Mrs. Delany wrote the following account of her arrival at Windsor to her friend Mrs. Hamilton : ‘I arrived here about eight o’clock in the evening and found his Majesty in the house ready to receive me. I threw myself at his feet, indeed unable to utter a word; he raised and saluted me, and said he meant not to stay longer than to desire I would order everything that could make the house comfortable and agreeable to me, and then retired. Truly, I found nothing wanting, as it is as pleasant and commodious as I could wish it to be, with a very pretty garden, which joins that of the Queen’s Lodge. The next morning her Majesty sent one of her ladies to know how I had rested, and how I was in health, and whether her coming would not be troublesome. I was lame, and therefore could not go down to the door as I ought to have done, but her Majesty came upstairs. Our meeting was mutually affecting; she well knew the value of what I had lost, and it was some time after we were seated before either of us could speak. She repeated in the strongest terms her wish and the king’s, that I should be as easy and happy as they could possibly make me; that they waived all ceremony, and desired to come to me as friends! The queen also delivered me a paper from the king: it contained the first quarter of £300 per annum, which his majesty allows me out of his privy purse. Their majesties have drunk tea with me five times, and the princesses three. They generally stay two hours or longer. In short, I have either seen them or heard of them every day, but I have not yet been at the Queen’s Lodge, though they have expressed impatience for me to come, as I have still so sad a drawback on my spirits that I must decline that honour till I am better able to enjoy it, and they have the goodness not to press me
. Their visits here are paid in the most quiet, private manner, like those of the most consoling, disinterested friends; so that I may truly say they are a royal cordial, and I see very few people besides. I have been three times in the king’s private chapel at early prayers, where the royal family constantly attend, and they walk home to breakfast afterwards, whilst I am conveyed in a very elegant chair which the king has made me a present of for that purpose.’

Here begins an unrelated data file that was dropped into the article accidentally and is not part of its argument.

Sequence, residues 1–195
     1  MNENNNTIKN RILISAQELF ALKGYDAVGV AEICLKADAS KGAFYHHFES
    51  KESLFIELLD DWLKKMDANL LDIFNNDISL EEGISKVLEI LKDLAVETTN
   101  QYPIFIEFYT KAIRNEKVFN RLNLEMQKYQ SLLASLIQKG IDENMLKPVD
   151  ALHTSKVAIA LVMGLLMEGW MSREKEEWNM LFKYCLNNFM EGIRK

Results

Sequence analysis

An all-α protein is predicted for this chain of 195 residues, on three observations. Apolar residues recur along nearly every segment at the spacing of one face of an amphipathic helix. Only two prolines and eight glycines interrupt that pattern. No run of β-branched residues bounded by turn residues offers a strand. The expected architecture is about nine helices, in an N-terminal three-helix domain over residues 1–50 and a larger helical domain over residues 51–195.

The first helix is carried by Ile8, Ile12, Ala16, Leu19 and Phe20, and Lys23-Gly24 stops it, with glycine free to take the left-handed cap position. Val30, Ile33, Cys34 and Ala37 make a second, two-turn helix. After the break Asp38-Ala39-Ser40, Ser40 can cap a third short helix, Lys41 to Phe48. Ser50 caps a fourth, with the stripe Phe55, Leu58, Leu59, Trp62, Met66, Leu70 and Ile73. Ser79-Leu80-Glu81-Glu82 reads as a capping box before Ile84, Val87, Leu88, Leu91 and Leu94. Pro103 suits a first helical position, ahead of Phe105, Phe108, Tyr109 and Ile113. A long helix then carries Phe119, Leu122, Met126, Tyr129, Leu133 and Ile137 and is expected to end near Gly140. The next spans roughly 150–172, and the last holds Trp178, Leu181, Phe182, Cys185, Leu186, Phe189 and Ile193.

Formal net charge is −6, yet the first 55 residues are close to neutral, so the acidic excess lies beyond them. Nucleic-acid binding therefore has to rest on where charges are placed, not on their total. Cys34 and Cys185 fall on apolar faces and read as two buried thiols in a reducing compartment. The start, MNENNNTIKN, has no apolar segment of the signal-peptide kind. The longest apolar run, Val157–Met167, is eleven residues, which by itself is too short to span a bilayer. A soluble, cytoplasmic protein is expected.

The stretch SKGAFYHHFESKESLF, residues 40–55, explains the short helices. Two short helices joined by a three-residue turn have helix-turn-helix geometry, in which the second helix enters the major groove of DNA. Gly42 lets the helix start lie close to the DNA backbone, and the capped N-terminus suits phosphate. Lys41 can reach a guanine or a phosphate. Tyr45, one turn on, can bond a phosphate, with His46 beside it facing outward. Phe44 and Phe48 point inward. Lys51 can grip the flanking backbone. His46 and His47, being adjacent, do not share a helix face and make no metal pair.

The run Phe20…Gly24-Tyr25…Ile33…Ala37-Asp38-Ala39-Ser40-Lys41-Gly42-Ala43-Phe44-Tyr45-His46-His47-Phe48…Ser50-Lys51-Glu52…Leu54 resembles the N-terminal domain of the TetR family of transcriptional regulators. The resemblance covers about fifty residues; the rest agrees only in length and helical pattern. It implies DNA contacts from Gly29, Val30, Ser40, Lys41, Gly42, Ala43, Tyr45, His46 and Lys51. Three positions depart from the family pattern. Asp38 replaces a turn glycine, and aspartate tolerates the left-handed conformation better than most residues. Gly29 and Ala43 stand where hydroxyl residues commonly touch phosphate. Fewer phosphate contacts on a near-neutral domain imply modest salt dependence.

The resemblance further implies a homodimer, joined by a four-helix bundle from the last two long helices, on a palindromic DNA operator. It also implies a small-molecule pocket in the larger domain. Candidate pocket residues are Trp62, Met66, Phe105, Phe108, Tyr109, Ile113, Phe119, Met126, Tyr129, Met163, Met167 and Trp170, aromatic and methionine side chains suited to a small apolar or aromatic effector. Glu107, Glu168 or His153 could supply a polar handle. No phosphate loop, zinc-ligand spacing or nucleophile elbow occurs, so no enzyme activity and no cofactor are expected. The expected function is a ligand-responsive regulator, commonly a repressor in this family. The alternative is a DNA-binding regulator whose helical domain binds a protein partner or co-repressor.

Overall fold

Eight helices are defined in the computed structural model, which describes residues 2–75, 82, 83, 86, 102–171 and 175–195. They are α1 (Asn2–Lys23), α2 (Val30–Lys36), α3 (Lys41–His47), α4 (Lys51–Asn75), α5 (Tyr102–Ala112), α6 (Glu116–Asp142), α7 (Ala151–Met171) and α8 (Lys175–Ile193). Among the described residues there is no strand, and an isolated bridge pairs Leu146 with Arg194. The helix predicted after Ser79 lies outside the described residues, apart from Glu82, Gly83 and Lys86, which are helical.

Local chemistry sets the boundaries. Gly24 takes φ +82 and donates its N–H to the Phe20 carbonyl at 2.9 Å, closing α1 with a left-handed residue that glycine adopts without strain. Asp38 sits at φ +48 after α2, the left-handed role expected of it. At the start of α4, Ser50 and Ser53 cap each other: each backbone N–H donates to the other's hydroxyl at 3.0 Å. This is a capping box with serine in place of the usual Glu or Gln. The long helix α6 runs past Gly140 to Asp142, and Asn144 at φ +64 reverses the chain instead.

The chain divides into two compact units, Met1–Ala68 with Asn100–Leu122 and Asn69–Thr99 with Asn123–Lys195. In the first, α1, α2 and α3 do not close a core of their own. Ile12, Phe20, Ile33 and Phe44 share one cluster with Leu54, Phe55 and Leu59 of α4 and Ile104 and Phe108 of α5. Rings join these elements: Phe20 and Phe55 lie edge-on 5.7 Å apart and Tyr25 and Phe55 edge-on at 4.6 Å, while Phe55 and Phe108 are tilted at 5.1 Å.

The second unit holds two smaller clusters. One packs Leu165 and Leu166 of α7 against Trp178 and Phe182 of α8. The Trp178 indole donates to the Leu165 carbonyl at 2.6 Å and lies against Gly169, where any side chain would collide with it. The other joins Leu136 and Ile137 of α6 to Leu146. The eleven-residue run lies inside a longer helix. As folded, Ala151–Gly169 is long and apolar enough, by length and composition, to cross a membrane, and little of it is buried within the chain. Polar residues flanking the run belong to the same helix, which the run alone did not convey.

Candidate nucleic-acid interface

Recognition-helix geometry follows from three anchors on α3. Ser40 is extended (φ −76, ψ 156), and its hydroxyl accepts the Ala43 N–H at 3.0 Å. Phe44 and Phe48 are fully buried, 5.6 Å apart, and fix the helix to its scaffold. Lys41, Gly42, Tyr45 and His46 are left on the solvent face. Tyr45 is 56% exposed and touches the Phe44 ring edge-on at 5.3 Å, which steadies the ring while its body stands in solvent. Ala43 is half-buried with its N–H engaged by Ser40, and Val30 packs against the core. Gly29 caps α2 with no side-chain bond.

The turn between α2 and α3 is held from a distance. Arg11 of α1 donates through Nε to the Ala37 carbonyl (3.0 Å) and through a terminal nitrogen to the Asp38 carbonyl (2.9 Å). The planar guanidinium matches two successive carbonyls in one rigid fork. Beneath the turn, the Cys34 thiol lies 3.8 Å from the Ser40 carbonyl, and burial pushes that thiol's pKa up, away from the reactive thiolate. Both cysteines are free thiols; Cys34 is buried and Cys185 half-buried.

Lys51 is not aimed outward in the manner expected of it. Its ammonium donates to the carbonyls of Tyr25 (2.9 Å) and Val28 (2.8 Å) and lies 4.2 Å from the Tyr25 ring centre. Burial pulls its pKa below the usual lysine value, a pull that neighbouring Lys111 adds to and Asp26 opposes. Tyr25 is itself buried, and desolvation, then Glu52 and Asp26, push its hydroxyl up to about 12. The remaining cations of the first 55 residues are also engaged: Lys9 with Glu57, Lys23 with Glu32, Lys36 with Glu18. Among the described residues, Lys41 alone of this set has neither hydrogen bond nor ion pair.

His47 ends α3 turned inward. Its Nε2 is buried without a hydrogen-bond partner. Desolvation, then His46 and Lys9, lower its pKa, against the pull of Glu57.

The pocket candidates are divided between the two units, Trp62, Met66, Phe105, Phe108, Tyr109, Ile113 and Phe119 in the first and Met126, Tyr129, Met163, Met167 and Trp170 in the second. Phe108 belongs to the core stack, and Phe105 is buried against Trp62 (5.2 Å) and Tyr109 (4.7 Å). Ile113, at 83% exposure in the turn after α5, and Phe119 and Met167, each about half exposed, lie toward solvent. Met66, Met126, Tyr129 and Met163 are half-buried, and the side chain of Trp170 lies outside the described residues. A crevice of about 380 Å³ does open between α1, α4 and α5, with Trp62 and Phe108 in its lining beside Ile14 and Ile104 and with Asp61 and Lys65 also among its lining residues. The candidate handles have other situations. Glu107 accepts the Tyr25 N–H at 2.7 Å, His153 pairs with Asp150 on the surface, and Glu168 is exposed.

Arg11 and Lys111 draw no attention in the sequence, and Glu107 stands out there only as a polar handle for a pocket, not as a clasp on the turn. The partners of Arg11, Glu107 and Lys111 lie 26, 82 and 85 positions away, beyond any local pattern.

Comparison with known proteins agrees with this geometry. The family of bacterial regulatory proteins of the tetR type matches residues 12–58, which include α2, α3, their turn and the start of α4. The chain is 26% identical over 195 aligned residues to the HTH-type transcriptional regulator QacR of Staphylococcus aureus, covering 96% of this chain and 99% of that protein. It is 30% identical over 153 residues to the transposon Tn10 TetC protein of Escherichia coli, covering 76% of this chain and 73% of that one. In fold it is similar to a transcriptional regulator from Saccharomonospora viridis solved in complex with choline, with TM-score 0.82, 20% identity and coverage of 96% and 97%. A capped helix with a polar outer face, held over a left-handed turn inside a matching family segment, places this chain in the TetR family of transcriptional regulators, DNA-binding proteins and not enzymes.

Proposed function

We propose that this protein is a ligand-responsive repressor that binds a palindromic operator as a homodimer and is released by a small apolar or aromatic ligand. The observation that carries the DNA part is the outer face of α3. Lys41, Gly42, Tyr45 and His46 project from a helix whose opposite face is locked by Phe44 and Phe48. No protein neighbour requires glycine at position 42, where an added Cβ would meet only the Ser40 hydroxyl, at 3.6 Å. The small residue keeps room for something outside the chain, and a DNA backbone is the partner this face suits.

While at Windsor, Mrs. Delany would befreind Fanny Burney and receive regular visits from Mrs. Garrick, the late actor’s widow.

Perhaps it was the Duchess of Portland’s friendship that had the most influence on the art Mrs. Delany would undertake later in life. Each year, Mrs. Delany made a visit of several months to Bulstrode, the duchess’s estate in Buckinghamshire, where she had access to an extraordinary cabinet of curiosities that included rare and exotic plants and flowers. Also at Bulstrode were the botanist John Lightfoot, the botanical artist Georg Dionysius Ehret and other advocates of the revolutionary taxonomy developed by the Swedish scientist Carl Linnaeus. Mrs. Delany observed their dissections of flowers and taught herself the art of the “hortus siccus,” or pressed-flower composition. These experiments would give her the knowledge and understanding of flowers that would breathe life into her collages.
Eventually, Mrs. Delany devised a means of cutting tiny pieces of paper to create her flower collages and she went on to create several volumes of these ‘paper mosaic’ plants and flowers. So amazing were their realistic qualities that King George III ordered the volumes to be preserved in the British Museum “as a standard work of art unparalleled for accuracy of drawing, form, and perspective, as well as colouring, truth of outline, and close resemblance to nature.” Horace Walpole called her collages “precision and truth unparalleled,” while author William Gilpin wrote, “These flowers have both the beauty of painting, and the exactness of botany.”
Part Two coming soon!